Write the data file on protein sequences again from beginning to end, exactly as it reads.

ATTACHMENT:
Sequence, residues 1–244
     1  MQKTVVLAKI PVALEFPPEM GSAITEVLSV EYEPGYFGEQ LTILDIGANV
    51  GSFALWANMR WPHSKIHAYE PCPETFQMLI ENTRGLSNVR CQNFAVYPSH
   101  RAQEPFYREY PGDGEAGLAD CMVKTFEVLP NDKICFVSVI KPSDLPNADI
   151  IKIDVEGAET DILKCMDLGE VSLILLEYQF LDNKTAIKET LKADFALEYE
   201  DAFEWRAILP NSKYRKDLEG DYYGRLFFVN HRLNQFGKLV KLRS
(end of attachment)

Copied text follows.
Sequence, residues 1–244
     1  MQKTVVLAKI PVALEFPPEM GSAITEVLSV EYEPGYFGEQ LTILDIGANV
    51  GSFALWANMR WPHSKIHAYE PCPETFQMLI ENTRGLSNVR CQNFAVYPSH
   101  RAQEPFYREY PGDGEAGLAD CMVKTFEVLP NDKICFVSVI KPSDLPNADI
   151  IKIDVEGAET DILKCMDLGE VSLILLEYQF LDNKTAIKET LKADFALEYE
   201  DAFEWRAILP NSKYRKDLEG DYYGRLFFVN HRLNQFGKLV KLRS